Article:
Welcome to Issue 36!
Welcome to our ‘Megacities’ issue!
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We learn how Lorentz makes his superb pictures, and pick up several really useful tips for working faster in Photoshop!
PHOTOSHOP | BLENDER
“I always like to place characters inside worlds where they become secondary parts of it and bring scenes to life. I also usually never draw a character first and then add a background. … I create a rough setting first before I put in any figures.”
Jon works in a TV news studio, but also finds time for Photoshop and has made spaceships for the TV series Dark Matter.
PHOTOSHOP | SKETCHUP
“I made a few short animations of my picture and cut them into a video. I don’t know why. I questioned why I was doing this more than a few times, as it ate up another week of time. But [it got me into TV series work, and so] paid off for me in a big way!”
We interview James, a British concept artist, about working purely in Photoshop and about creating his new artbook.
PHOTOSHOP | ARTBOOKS
“… there’s a lot more work involved in a book than I thought. To begin with, I thought I could create work more randomly, and then find a way or theme to tie the pictures all together. [Instead] I had to create pages with unified colour palettes and similar themed contents”
Also in Digital Art Live….
- OUR LIVE WEBINARS!
- INDEX OF BACK ISSUES
- REVIEW: BRYCE 7.1
- MY STUDIO
Part of our Interview with LORENZ RUWEE
DAL: Lorenz, welcome to the Digital Art Live in-depth interview. We featured your steampunk “Tesla Teleporting Station” in our Gallery recently, and your “Tethered Worlds” space portal picture was our front cover picture for issue #17. And with the excellence of your city work in your DeviantArt gallery, we thought you’d be a great choice for this “Megacities” themed issue.
LR: Thanks for having me. I’m honoured to have been featured and to be interviewed.
DAL: How did your interest in art begin, and develop, generally, before you encountered digital tools? Or were you perhaps someone who went ‘straight to digital’?
LR: I have been drawing since I was a young kid. Kindergarten, then school and ever since. I very much tried all kinds of traditional tools, except for maybe oils extensively. In my high school years I became highly interested in manga — Japanese comics — and I even thought about becoming a comics artist. I drew with lines mainly, but also used colour inks and gouache to paint later on. As well as some airbrushing.
In 2003 I got a cheap tablet and tried digital painting for the first time. Basically starting with coloring scanned ink drawings on the computer. It was very hard in the beginning to draw directly in Photoshop, especially with lines which was much easier on paper. It’s funny because nowadays it’s the opposite. I have trouble drawing confidently on paper! Digital painting and also sketching with the modern Wacom tablets is so much easier and forgiving.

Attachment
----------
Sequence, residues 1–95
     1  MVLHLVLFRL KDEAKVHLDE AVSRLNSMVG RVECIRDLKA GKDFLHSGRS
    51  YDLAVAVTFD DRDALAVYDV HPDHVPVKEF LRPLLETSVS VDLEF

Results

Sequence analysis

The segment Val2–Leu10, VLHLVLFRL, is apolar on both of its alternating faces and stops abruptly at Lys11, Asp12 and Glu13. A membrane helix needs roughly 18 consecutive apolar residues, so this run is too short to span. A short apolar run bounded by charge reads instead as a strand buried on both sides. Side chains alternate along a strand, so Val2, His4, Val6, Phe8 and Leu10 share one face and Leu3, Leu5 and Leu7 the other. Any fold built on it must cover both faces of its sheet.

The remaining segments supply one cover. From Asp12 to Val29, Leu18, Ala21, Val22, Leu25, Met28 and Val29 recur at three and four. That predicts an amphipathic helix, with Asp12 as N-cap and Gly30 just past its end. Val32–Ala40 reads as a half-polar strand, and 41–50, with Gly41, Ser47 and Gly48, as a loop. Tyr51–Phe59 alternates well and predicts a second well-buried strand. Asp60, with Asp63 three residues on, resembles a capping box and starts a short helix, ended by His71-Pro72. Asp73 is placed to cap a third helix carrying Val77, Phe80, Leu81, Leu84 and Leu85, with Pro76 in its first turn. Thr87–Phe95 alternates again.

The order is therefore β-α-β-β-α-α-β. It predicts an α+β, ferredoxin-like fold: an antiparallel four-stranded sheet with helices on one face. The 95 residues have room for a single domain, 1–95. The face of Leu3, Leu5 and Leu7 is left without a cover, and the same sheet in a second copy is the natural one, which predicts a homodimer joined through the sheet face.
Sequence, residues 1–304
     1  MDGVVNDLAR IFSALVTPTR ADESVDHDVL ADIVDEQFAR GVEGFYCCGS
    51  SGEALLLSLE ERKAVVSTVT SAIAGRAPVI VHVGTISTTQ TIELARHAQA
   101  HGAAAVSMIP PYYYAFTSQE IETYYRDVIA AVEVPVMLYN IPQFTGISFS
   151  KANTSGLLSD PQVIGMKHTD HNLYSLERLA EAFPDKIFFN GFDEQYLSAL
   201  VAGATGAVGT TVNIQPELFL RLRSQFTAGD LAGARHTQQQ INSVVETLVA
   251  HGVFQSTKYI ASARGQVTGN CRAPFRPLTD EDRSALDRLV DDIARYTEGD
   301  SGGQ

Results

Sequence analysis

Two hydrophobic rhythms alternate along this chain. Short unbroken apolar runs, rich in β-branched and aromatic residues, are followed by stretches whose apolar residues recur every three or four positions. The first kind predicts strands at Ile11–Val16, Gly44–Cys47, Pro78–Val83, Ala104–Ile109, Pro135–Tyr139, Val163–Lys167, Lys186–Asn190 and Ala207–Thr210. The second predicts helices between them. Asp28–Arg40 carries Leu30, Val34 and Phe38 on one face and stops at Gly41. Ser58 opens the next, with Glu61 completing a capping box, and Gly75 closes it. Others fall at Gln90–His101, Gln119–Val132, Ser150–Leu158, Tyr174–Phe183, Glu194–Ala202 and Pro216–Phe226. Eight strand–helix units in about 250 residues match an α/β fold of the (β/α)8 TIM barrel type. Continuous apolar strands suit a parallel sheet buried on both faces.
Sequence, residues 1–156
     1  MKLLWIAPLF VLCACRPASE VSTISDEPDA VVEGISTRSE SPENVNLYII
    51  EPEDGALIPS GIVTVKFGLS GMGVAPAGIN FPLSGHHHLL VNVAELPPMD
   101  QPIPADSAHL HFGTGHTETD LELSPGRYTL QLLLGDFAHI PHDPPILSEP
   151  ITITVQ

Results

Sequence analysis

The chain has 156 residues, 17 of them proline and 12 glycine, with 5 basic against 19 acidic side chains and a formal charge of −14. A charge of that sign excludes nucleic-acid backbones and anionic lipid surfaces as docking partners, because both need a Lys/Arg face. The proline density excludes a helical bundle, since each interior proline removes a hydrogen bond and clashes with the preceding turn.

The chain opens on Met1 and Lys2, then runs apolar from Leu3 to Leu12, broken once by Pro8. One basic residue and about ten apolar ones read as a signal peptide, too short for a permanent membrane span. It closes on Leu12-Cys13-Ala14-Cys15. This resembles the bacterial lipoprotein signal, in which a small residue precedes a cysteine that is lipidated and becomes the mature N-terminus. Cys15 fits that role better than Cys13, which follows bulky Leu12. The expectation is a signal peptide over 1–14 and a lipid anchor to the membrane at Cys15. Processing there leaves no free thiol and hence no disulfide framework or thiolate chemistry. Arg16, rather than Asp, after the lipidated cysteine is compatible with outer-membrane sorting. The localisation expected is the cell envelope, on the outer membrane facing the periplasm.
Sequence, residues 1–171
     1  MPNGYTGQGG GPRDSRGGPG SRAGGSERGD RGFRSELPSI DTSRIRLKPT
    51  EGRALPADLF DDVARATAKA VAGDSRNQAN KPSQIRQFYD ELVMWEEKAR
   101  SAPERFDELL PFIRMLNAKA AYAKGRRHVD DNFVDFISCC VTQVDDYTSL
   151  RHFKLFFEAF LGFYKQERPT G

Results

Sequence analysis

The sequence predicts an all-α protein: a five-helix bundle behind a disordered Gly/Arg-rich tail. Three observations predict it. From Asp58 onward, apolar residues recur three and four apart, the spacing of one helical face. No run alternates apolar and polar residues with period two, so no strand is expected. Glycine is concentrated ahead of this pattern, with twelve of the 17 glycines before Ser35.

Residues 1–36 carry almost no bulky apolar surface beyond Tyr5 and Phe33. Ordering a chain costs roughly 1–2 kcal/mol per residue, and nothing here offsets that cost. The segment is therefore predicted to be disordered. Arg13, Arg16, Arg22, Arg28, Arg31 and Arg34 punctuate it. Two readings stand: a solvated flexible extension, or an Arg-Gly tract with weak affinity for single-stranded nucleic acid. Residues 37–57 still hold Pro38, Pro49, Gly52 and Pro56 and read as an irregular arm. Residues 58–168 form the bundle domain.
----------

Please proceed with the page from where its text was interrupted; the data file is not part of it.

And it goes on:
DAL: Indeed. European comics and manga seem to have been a strong early influence? Tributes to Moebius and Akira, in that style, can be seen in your Gallery for instance. And I saw a page from your manga science-fiction comic at the very start of the Gallery.
LR: To be honest, I never really studied Moebius’s art close up… until recently.
I was mainly influenced by Japanese comic art, yes. Toriyama, then Otomo and also Nihei to name a few. I used to simply emulate their styles in the beginning, so I could draw exactly like them. Because their art carried aesthetics that were pleasing to me. I think every artist has role models and starts by copying, it can be a good starting point to learn.
Over the years, your skills arrive at a level where you can finally express yourself truthfully and style emerges by itself. Everything you have internalized is mixed with your very own essence and flows out naturally. The more you draw from your own personal traits, the more your style can become recognized as something uniquely yours.
As your taste develops and changes over the years, so does your style. Back in the days I didn’t like abstract art at all, but I have come to appreciate it more and more. My art has become simpler now I feel but I still have a long way to go.
DAL: What did those comics teach you for the long-term, in terms of perspective, dynamism, linework and suchlike?
LR: From comics I mostly drew on the design aesthetics and style cues. Also storytelling, obviously. But the art fundamentals I learned quite traditionally from books that dealt with the subject matter. I used to frequently go to public libraries as a kid, to get books on art basics.
DAL: Right. How did you first seriously develop your painting skills? For instance, did you then go on the train at a university or did you take online courses? Or was it just a question of ‘practice every day’?
LR: I am completely self taught. I never thought of going to an art school to be honest, as I felt it wasn’t an option for me and I’d learn a lot and faster on my own.
So I read many art books, studied other artists and watched tutorials. I especially found the Gnomon DVDs of the time were a great source of information on digital art.